There is widespread opposition to U.S. eavesdropping and fewer now say the U.S. respects the personal freedoms of its people, but America is still popular around the world.
While the U.S. continues to address the international fallout from the National Security Agency revelations, a new report from the Administrative Office of U.S. Courts reveals a different kind of wiretapping: a list of where federal and state judges have authorized law enforcement to listen to phone communications as part of criminal investigations throughout 2013.
Percentage of the public saying in January that Edward Snowden’s leaks “served the public interest,” compared with 43% who say the leaks “harmed the public interest.”
Young adults are significantly more likely to support Edward Snowden and his leaking of classified details of government surveillance programs.
Just half have heard about Obama’s changes and most who did say they won’t increase privacy. Overall approval of the surveillance program has declined 10 points since July, from 50% to 40%.
In the wake of reports that the National Security Agency (NSA) has been listening to phone calls of German Chancellor Angela Merkel and other heads of state, a 56% majority of Americans say it is unacceptable for the U.S. to monitor the phones of allied leaders.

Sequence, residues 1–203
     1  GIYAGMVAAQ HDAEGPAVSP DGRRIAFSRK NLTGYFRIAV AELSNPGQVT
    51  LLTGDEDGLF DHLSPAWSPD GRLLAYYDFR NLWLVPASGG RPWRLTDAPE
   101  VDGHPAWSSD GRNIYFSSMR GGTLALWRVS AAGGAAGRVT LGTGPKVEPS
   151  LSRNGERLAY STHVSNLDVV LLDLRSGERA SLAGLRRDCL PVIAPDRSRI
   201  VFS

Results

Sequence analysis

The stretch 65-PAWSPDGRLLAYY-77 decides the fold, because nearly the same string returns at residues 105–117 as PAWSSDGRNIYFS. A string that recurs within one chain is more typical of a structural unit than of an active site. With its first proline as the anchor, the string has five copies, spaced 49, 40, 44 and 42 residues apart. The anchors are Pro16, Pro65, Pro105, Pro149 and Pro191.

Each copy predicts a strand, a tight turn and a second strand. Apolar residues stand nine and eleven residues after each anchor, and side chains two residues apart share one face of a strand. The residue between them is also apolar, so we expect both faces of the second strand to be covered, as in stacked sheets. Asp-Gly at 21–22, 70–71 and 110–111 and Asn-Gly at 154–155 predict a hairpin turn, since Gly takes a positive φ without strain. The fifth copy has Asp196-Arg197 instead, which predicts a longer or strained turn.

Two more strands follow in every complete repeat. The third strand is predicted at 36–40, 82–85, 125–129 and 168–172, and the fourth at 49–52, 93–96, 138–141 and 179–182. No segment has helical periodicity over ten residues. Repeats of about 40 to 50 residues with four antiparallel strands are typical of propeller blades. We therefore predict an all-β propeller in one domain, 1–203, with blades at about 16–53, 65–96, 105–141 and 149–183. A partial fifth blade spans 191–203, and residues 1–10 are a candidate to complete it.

To better understand how the manner in which the government’s surveillance program is described affects public evaluations, the Pew Research Center conducted a question wording experiment.
Most Americans say the government collects what is actually being said in phone calls and emails – and not just ‘metadata.’ Nevertheless, 50% approve of the surveillance program, while 44% disapprove.
A plurality of Venezuelans (44%) prefer to have a closer relationship with the U.S. than existed during the presidency of Hugo Chavez.
Young people are more likely than other age groups to think that the NSA leak serves the public interest and are divided over whether Snowden should be prosecuted.